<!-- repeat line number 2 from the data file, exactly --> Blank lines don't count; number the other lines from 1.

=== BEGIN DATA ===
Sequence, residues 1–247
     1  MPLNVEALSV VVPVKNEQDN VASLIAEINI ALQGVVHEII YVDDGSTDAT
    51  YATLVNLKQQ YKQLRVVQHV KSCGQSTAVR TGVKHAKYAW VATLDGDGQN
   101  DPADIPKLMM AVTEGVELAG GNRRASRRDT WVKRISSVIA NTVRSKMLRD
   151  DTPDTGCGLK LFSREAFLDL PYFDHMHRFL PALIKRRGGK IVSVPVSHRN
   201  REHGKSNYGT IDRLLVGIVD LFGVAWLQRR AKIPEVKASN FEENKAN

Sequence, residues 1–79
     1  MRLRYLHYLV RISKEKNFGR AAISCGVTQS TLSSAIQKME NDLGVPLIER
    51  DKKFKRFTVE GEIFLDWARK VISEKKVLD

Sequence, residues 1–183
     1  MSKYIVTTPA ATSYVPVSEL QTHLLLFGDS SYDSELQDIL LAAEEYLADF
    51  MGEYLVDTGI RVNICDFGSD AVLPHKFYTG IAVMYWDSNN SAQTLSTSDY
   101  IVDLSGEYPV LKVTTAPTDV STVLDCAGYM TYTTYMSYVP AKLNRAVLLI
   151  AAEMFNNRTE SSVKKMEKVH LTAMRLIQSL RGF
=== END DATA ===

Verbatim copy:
     1  MPLNVEALSV VVPVKNEQDN VASLIAEINI ALQGVVHEII YVDDGSTDAT